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'It's like you're grieving a death that hasn't happened yet': Harsh realities of the opioid crisis

The opioid crisis in Kentucky and Indiana through the eyes of addicts, their loved ones and the people hoping to help.

Shay McAlister, Heather Fountaine, John Charlton, Chris Williams, Brooke Hasch, Andrea Ash, Lisa Hutson, Lena Duncan, Taylor Weiter

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The stories shared both online and on-air may be difficult for some to watch and read.

Opioid addiction affects every single person. For some, every day is spent trying to find a clean needle or quick buck to satisfy an addiction. For others, every waking minute is spent trying to help loved ones overcome their addiction. And for those who have not personally dealt with addiction, every state effort to fight the ongoing crisis takes from taxpayers’ money.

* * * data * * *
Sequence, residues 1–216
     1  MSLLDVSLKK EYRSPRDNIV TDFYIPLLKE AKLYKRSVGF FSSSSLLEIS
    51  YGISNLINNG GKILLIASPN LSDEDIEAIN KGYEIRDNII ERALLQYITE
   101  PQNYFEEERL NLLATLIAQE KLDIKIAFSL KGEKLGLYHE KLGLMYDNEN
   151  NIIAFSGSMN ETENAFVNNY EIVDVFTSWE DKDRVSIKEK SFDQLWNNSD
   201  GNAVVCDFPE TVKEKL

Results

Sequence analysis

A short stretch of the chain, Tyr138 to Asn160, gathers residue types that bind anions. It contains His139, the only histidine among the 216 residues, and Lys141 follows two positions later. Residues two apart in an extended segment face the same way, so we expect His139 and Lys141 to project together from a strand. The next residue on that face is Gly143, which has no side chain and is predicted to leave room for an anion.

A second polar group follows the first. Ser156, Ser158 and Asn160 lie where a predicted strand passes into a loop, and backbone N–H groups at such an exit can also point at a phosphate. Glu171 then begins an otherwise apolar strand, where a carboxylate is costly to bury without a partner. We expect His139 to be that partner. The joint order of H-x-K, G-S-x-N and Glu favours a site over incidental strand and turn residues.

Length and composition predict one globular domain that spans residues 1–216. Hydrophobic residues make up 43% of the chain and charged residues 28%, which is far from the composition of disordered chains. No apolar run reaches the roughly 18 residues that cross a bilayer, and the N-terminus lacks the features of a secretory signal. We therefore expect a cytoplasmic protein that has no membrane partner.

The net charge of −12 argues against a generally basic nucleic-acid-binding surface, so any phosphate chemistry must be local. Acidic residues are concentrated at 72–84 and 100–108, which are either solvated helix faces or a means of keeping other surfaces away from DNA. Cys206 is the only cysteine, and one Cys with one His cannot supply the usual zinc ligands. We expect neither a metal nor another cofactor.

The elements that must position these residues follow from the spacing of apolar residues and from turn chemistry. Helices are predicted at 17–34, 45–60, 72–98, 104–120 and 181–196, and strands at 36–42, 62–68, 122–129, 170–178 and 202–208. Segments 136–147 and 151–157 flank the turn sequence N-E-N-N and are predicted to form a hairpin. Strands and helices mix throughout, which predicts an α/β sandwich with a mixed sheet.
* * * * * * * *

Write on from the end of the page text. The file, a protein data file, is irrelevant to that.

While those struggling with addiction are often judged or looked down upon, they were the first to admit that their lives and the lives of their loved ones are not lives any person would openly choose. Instead, many said their current situations are a result of one decision – often made from desire or need.

One decision that changed millions of lives, that turned a businessman to the street or a mother to support groups. One decision that turned into a lifetime of struggle.